AJ+ went to Ghana to meet Bernice Dapaah, who welcomed us on her bicycle. The Ghanaian does business the green way. She grows bamboo and transforms it into bikes in her hometown of Kumasi.
Six years ago, just before she graduated with a degree in Business Administration, Dapaah decided to do something on her own. “My grandpa actually inculcated me the spirit of doing something in your own,” she said. So she set up the Ghana Bamboo Bikes Initiative. Her goal was to empower the youth in this area — where finding a job is difficult — and at the same time use locally sourced materials.
And what better raw material than bamboo? It’s sustainable, durable, cheap and recyclable. And in the southern Ghanaian city of Kumasi, you can find it at the local farm.
Just like the bikes, the idea itself is recyclable. “I got to know that bamboo bike was there in the 80s, they launched it, but people didn’t take advantage of it,” she said. But today people are. The market for bamboo bikes is booming in Ghana and throughout West Africa. To meet the demand, Ghana Bamboo Bikes Initiative has trained and employed 35 young men and women. “We’re engaging women on board to see how best they can do something on their own, rather than being at home looking after their husband,” she said. Dapaah is planning to open two more workshops in the Brong-Ahafo Region of Ghana and hopes to employ 50 more young people.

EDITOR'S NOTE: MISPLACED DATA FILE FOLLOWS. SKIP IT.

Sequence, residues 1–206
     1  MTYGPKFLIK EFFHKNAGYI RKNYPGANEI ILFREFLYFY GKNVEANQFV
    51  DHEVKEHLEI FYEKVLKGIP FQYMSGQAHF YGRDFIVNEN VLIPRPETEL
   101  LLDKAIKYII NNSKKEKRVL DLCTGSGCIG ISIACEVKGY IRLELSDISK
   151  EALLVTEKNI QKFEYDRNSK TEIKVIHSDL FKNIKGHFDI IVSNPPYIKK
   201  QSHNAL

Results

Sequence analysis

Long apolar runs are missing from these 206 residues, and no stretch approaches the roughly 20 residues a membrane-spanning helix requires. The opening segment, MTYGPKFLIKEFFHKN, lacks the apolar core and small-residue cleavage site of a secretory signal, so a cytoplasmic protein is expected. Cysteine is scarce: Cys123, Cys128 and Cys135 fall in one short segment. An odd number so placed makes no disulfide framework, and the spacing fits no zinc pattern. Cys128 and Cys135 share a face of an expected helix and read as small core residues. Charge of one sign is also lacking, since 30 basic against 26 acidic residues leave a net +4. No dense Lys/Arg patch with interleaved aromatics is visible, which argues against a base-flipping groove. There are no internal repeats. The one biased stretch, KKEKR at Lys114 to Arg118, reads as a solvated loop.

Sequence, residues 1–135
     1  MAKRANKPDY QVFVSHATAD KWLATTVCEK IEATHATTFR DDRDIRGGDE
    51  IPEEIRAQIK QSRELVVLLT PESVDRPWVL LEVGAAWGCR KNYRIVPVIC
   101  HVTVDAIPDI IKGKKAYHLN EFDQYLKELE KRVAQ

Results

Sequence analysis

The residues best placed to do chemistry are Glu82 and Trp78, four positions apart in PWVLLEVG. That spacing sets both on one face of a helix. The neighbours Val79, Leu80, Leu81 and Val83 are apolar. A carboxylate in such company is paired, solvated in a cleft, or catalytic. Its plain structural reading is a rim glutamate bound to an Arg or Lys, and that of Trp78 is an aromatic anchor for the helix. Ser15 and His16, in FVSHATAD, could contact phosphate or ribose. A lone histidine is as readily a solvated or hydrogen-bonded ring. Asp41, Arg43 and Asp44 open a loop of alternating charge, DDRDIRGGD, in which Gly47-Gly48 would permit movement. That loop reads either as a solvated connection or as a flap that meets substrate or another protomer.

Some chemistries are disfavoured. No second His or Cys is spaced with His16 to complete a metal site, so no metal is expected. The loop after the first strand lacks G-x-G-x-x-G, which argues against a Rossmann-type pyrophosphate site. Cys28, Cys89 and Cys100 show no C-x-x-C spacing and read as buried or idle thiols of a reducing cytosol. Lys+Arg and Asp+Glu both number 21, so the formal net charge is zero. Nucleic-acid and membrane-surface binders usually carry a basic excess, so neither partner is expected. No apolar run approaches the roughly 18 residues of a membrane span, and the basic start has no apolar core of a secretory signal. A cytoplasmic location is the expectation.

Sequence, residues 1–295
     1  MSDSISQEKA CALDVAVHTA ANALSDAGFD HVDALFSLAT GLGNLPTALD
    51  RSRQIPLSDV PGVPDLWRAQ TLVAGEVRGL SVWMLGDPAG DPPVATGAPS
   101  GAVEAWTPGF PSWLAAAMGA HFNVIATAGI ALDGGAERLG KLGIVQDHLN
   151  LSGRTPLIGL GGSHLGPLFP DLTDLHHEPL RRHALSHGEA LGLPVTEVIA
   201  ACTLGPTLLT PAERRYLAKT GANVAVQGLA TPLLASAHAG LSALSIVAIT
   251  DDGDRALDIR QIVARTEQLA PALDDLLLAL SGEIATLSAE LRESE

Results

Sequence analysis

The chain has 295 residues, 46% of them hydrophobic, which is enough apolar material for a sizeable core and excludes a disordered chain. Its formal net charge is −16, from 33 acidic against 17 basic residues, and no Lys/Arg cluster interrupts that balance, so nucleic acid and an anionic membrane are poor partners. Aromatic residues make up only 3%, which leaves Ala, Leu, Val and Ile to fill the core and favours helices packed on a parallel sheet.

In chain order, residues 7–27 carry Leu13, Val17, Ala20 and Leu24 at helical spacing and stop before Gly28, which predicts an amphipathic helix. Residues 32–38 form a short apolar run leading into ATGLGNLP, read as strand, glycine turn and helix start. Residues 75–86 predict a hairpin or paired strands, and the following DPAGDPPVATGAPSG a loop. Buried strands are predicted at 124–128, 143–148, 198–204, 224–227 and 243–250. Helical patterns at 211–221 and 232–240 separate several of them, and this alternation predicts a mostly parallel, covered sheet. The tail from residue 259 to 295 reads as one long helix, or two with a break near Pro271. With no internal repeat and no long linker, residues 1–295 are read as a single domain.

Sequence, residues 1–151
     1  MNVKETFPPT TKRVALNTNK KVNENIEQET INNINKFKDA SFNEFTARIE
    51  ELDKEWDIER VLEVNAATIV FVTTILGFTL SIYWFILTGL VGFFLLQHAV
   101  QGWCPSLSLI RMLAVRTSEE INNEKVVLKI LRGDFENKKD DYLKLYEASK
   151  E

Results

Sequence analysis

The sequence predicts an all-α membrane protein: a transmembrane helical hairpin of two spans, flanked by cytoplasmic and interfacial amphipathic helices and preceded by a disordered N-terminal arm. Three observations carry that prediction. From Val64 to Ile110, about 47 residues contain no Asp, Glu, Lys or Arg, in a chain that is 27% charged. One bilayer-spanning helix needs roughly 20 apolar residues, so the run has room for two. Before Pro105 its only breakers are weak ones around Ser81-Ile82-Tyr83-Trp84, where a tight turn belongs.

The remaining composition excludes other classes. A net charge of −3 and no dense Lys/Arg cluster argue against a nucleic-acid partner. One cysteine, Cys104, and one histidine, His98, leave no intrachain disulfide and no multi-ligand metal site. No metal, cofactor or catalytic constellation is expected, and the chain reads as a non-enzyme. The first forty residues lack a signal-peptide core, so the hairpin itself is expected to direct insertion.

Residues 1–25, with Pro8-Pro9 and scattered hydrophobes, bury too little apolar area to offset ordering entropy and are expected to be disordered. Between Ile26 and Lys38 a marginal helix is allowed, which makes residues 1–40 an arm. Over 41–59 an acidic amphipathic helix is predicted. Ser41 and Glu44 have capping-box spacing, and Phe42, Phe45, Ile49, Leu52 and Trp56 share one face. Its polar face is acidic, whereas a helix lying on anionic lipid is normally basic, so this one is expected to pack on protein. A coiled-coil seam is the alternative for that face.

Dapaah’s bamboo bikes sell for $120, around $40 more than a steel-framed bike would cost, she says. But the real savings come with the reduction in greenhouse gasses. Compared to a traditional bicycle, bamboo bikes help reduce carbon emissions by up to 70 percent, according to Dapaah. And after cutting down one bamboo plant, her team makes sure to plant ten more.
Bernice Dapaah is a social entrepreneur: she is making money from her business but also wants to make sure that others benefit from the production. So she is donating bikes to kids in Kumasi to make their trips to school easier. “I can remember when we were in school, we couldn’t get the chance to go to school early. We were always late, which was distracting our academic performances,” she said.Today, the Bamboo Bikes Initiative is selling bikes all around the world. “We have customers both in local and international platforms. We sell our bicycles in Europe, we sell it in the U.S., Israel and different countries,” Dapaah said.
Since she started the initiative, Dapaah has received international recognition for changing the face of transport in her country. She has also been named an ambassador of the World Bamboo Organization.